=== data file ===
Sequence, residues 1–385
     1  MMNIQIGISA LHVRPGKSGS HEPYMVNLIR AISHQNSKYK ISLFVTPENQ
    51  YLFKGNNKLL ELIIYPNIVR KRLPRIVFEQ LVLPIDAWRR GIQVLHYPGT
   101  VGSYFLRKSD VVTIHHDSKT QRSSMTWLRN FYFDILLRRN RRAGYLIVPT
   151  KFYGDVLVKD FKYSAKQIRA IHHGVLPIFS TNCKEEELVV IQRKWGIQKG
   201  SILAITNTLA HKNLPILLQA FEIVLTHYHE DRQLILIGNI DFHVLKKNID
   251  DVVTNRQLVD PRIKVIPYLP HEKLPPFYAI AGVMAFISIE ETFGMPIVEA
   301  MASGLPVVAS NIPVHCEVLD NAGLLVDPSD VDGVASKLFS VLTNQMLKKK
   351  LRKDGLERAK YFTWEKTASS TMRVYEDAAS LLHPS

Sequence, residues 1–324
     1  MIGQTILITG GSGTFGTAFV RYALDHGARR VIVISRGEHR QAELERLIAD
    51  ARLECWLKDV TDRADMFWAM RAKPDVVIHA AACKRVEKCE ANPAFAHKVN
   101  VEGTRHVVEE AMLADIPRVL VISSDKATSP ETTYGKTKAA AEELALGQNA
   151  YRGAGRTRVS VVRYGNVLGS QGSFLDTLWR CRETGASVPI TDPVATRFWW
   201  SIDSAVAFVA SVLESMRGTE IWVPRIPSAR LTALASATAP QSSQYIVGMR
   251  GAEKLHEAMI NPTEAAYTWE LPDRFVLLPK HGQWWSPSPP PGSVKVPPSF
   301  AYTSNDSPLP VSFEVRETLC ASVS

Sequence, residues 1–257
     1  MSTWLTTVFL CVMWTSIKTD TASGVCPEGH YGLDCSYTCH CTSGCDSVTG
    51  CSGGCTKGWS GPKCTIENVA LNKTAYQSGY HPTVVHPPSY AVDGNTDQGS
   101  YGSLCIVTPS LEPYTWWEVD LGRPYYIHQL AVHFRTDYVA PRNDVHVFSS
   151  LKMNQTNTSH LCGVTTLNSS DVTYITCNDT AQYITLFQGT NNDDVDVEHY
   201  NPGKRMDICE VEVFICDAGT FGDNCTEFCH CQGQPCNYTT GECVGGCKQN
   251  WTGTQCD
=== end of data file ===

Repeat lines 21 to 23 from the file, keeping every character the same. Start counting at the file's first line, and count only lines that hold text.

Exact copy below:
   101  YGSLCIVTPS LEPYTWWEVD LGRPYYIHQL AVHFRTDYVA PRNDVHVFSS
   151  LKMNQTNTSH LCGVTTLNSS DVTYITCNDT AQYITLFQGT NNDDVDVEHY
   201  NPGKRMDICE VEVFICDAGT FGDNCTEFCH CQGQPCNYTT GECVGGCKQN